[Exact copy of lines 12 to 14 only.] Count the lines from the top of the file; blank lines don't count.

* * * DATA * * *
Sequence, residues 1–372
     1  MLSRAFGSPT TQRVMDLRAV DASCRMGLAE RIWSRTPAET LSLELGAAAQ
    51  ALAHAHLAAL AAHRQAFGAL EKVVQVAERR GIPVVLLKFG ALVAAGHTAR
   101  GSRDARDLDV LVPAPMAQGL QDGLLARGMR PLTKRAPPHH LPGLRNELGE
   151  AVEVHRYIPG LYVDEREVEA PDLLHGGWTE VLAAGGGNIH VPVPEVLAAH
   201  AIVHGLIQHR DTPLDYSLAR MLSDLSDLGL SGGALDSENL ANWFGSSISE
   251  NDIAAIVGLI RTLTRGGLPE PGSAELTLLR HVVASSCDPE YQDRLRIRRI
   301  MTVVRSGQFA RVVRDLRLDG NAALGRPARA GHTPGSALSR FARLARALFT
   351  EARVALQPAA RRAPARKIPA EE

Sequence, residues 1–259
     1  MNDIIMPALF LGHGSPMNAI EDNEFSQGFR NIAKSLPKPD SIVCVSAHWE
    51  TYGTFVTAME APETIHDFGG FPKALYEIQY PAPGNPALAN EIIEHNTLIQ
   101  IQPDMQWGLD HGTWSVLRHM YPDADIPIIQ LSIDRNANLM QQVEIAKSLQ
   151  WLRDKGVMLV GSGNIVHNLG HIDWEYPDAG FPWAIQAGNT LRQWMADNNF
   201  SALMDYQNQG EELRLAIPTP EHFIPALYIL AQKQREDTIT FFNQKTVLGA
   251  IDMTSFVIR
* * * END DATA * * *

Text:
    51  TYGTFVTAME APETIHDFGG FPKALYEIQY PAPGNPALAN EIIEHNTLIQ
   101  IQPDMQWGLD HGTWSVLRHM YPDADIPIIQ LSIDRNANLM QQVEIAKSLQ
   151  WLRDKGVMLV GSGNIVHNLG HIDWEYPDAG FPWAIQAGNT LRQWMADNNF